Thursday, October 19, 2023

Divided CAFC Panel Reverses TTAB's Chutter v. Great Concepts Fraud Decision

A divided panel of the CAFC reversed the TTAB's decision in Chutter, Inc. v. Great Management Group, LLC and Great Concepts, LLC [TTABlogged here], concluding that "a Section 14 cancellation proceeding is not available as a remedy for a fraudulent Section 15 incontestability declaration." The CAFC remanded the case to the Board for consideration of "whether to declare that Great Concepts’ mark does not enjoy incontestable status and to evaluate whether to impose other sanctions on Great Concepts or its attorney." Great Concepts, LLC v. Chutter, Inc., 2023 USPQ2d 1215 (Fed. Cir. 2023) (modified, January 10, 2024).

In a significant fraud ruling, the Board had ordered cancellation of Great Concepts' registration for the mark DANTANNA'S for restaurant services, finding that Great Concepts' counsel had signed the Section 15 Declaration with reckless disregard for the truth, and ruling for the first time that "reckless disregard is equivalent to intent to deceive and satisfies the intent to deceive requirement" for a fraud claim.

The CAFC panel majority focused on the language of Section 14 of the Trademark Act, which "permits a third party to file '[a] petition to cancel a registration of a mark' '[a]t any time if' the registered mark’s 'registration was obtained fraudulently.'" 15 U.S.C. § 1064 (emphasis by the CAFC). 

The question becomes what Great Concepts obtained, but this is not difficult to answer. What Great Concepts acquired through Mr. Taylor’s fraudulent Section 15 declaration was incontestable status for its already-registered trademark. Under the Lanham Act, registration and incontestability are different rights. *** Hence, fraud committed in connection with obtaining incontestable status is distinctly not fraud committed in connection with obtaining the registration itself.

The panel majority noted that Section 14 lists a number of bases for cancellation of a registration, but fraud committed in connection with an incontestability declaration is not one of them. "When, as here, Congress sets out a lengthy list of statutory provisions, we will not lightly add to that list, lest we contradict what may well have been an intentional omission."

The panel majority dismissed the argument that its ruling will encourage fraud. Chutter and dissenting Judge Reyna contended that "if the only consequence for filing a fraudulent affidavit in pursuit of incontestability is the loss of incontestability, there is no consequence, since the mark owner was not entitled to incontestable status in the first place. "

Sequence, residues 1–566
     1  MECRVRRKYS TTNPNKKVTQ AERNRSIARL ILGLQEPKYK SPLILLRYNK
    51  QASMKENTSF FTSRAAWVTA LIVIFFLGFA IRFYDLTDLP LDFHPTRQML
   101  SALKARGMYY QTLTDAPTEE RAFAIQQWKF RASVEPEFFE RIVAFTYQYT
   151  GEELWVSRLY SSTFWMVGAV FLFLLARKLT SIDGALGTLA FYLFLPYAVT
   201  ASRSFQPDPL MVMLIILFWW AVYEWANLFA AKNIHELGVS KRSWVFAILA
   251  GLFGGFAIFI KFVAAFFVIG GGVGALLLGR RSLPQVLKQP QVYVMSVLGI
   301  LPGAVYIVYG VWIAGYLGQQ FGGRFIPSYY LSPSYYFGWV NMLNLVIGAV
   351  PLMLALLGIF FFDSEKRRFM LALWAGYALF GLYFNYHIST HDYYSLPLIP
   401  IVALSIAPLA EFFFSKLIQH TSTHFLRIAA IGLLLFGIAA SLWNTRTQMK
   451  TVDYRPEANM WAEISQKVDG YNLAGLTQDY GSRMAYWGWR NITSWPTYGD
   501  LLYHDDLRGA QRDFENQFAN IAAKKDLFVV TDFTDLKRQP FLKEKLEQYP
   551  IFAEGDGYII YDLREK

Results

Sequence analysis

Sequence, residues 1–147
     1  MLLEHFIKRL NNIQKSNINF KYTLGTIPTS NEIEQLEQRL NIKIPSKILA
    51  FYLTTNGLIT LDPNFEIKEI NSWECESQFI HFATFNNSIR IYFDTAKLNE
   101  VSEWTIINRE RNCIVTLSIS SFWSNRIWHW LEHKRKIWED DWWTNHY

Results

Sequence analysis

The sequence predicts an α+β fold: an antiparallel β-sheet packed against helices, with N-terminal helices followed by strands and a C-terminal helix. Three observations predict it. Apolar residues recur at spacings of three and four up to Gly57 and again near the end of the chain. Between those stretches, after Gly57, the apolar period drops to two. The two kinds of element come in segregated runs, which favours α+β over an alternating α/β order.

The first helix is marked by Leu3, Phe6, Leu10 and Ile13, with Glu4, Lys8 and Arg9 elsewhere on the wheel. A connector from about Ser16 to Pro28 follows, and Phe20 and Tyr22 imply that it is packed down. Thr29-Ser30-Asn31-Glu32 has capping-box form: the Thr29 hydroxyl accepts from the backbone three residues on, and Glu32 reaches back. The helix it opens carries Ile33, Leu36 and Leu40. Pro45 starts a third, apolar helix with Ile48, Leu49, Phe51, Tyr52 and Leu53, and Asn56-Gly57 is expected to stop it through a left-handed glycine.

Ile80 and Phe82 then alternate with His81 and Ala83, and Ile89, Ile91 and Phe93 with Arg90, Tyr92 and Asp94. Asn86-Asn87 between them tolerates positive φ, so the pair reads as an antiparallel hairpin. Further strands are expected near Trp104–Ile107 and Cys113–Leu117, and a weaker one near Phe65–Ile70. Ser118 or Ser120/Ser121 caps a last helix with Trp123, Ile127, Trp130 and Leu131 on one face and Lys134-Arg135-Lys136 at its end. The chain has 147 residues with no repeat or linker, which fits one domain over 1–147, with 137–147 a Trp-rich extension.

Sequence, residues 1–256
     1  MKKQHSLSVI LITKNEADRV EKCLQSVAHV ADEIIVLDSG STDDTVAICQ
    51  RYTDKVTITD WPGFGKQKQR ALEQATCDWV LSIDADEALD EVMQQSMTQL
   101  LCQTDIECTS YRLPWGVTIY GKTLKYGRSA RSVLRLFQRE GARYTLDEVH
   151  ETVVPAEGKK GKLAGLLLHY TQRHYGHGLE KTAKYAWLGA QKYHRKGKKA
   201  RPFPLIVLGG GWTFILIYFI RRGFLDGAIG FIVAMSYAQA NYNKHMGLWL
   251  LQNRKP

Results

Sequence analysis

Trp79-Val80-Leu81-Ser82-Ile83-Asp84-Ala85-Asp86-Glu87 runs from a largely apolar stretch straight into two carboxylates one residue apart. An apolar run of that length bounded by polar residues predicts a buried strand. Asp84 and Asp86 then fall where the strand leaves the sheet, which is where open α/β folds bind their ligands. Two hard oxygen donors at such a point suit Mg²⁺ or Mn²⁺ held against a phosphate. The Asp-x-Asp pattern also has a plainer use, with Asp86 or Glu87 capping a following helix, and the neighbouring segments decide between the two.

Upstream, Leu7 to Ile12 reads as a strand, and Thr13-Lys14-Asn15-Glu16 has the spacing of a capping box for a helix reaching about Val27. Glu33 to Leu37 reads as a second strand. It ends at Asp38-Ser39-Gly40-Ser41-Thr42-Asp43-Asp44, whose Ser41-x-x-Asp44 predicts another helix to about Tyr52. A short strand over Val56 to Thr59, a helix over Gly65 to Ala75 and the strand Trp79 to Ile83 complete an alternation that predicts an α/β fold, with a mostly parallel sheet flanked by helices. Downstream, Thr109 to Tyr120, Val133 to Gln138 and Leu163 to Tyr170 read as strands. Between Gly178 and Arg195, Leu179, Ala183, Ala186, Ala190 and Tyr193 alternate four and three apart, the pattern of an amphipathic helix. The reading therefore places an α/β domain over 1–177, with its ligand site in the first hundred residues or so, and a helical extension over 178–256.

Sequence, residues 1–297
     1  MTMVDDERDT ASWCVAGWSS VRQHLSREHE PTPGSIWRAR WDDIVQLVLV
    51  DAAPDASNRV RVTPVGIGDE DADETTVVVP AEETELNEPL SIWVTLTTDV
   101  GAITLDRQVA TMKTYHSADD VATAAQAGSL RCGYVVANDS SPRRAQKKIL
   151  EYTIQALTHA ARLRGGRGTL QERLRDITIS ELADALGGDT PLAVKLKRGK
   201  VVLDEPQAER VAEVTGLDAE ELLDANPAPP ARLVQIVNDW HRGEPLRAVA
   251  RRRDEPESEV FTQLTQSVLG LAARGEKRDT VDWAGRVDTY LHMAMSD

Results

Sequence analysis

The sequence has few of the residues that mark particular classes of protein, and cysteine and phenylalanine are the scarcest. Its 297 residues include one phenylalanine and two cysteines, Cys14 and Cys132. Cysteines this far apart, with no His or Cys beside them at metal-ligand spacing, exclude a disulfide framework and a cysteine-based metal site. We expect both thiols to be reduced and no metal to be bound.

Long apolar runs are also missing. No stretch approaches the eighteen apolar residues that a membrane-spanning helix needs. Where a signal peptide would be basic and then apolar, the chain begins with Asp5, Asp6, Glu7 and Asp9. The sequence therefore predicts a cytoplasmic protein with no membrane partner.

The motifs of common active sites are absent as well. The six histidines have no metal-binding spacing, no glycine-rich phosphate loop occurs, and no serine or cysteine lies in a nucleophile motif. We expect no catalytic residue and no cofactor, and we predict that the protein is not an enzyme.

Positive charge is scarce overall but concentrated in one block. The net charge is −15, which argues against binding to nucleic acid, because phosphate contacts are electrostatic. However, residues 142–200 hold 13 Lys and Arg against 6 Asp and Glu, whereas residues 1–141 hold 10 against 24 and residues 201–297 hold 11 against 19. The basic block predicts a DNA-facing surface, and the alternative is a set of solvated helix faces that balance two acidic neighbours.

[N]othing in this opinion should be read to mean that the Board is powerless to address fraud, including fraud committed solely in conjunction with the filing of a Section 15 declaration. *** [W]e are in full agreement with the parties that, at minimum, the Board may sanction any attorney who commits fraud before it.

The panel majority pointed out that its ruling makes only this one remedy unavailable, "leaving the Board, we expect, with sufficient mechanisms to adequately deter fraud."

Even if it were true that our decision would result in an unwelcome increase in fraud perpetrated against the Board – which, again, we do not believe it will – we would nonetheless adhere to the unambiguous language of the statute. *** Whether we would prefer a different result be reflected in the statute is irrelevant to our responsibility to decide the case before us based on the law as it exists.

The CAFC did not reach the issue of whether Great Concepts' attorney committed fraud.

Read comments and post your comment here.

TTABlogger comment: Maybe Congress will step in and amend the statute. Probably not. Suppose the declaration is signed by an individual who is not an attorney. What sanctions could be imposed on him or her? BTW: Note that marks are made "incontestable," not registrations. Also, there is no such thing as an "incontestable" registration.

BTW: Does the Director have the power to cancel a registration?

Text Copyright John L. Welch 2023.


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